I first saw a wild orca in the waters of southern Alaska, in 2008. My heart stopped. My eyes watered. No photo I took could recreate the immense emotion I felt while I observed them. Since 2008, I've wondered about their mysterious presence, their colossal size, beauty, power, grace, social phenomena, and extreme intelligence.
I now reside in Seattle, Wash. Seattle is the only urban city with a resident orca population. In the cool, clean waters of the Puget Sound and Salish Sea, J, K, and L pods (our Southern Resident Killer Whales) swim, hunt, and socialize freely. However, many do not realize just eighty Southern Resident orcas remain.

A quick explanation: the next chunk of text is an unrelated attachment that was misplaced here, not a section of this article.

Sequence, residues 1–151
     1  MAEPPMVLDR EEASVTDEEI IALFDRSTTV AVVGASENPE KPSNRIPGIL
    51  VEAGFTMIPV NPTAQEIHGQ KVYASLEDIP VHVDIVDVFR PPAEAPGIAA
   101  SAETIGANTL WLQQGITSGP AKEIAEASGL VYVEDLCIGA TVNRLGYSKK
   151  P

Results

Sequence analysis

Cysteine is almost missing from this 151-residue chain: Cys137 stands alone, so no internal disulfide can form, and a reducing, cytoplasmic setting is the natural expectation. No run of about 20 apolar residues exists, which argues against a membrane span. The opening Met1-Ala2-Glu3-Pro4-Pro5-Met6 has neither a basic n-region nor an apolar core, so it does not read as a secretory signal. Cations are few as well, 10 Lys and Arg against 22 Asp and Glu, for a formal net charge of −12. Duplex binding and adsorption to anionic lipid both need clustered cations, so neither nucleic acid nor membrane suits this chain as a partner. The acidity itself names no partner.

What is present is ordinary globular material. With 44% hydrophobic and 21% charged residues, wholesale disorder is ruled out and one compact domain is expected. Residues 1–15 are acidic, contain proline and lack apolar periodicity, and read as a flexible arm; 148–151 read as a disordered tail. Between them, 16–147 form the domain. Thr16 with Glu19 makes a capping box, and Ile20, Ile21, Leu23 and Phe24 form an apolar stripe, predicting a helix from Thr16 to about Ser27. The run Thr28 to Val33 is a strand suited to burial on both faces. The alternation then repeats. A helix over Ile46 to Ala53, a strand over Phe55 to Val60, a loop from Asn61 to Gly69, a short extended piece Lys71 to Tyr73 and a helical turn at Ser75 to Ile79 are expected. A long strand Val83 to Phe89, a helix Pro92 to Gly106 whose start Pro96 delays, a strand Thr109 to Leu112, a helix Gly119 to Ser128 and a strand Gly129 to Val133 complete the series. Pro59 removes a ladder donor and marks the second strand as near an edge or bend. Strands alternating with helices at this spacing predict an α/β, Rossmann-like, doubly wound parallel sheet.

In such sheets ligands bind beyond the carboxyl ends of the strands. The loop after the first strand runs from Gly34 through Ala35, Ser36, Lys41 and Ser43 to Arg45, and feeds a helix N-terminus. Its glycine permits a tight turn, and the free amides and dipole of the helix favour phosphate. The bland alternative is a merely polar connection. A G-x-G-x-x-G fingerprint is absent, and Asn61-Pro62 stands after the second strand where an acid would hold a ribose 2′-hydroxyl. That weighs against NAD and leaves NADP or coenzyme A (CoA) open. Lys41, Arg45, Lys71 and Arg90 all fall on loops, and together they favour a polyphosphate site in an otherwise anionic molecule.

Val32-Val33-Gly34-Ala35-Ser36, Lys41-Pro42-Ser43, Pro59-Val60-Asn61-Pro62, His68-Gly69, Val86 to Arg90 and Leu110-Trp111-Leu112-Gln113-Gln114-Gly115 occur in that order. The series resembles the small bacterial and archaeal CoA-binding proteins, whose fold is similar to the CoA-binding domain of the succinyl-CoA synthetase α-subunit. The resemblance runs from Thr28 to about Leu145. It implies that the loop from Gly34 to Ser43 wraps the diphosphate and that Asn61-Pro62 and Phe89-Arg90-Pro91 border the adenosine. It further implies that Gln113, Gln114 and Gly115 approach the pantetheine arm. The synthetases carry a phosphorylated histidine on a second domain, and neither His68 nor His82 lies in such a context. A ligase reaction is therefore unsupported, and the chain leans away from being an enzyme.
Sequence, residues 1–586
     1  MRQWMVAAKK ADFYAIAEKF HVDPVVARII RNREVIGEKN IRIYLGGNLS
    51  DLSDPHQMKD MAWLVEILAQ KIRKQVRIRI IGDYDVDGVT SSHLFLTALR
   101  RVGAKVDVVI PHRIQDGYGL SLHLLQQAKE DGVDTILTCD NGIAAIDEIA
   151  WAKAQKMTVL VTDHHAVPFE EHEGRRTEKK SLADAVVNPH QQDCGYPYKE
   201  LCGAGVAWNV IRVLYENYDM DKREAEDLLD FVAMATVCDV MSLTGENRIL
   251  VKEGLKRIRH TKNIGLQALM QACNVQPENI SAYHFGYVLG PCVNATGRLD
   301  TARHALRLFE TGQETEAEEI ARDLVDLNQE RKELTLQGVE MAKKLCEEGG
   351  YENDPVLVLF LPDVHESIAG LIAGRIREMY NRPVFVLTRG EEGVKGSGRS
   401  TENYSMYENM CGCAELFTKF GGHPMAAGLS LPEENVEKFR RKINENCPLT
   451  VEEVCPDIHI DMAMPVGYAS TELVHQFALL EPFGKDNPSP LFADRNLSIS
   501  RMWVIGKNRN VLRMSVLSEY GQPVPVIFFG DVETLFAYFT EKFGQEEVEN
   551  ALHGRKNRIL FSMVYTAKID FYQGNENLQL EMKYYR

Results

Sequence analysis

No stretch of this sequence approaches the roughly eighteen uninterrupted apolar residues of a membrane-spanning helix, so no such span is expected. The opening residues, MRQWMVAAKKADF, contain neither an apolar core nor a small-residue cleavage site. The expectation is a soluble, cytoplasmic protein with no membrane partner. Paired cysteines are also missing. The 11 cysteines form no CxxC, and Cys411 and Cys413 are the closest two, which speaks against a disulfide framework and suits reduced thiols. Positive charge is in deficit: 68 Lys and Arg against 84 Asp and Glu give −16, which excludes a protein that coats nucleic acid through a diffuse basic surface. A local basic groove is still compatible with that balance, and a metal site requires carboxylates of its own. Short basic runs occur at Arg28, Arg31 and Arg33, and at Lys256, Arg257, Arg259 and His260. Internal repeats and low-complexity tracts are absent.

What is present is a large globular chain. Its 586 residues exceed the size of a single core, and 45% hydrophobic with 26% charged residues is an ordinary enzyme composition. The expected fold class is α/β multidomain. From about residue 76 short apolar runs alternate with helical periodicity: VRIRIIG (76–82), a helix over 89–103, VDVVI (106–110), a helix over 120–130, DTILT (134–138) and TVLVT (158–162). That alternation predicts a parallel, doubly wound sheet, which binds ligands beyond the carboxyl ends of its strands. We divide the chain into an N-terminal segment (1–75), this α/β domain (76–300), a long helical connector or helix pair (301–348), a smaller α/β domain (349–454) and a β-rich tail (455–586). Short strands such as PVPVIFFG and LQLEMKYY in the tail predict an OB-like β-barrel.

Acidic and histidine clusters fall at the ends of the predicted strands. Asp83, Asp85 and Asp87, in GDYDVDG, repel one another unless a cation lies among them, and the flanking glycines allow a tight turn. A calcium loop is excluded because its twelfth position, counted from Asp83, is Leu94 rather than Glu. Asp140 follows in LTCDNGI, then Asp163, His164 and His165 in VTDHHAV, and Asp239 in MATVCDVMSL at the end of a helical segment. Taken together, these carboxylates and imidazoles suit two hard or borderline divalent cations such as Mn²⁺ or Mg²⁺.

"As of spring 2014, the SRKW population totaled 80 individuals ( J Pod = 25, K Pod = 19, L Pod = 36). The size of all three Southern Resident pods was reduced in number from 1965-75 as a result of whale captures for marine park exhibition. At least 13 whales were killed during these captures, while 45 whales were delivered to marine parks around the world. Today, only Lolita (Tokitae) remains alive in captivity at the Miami Seaquarium. Annual SRKW population updates occur on July 1 and December 31 each year." (Center For Whale Research, learn more at CFWR on Facebook.)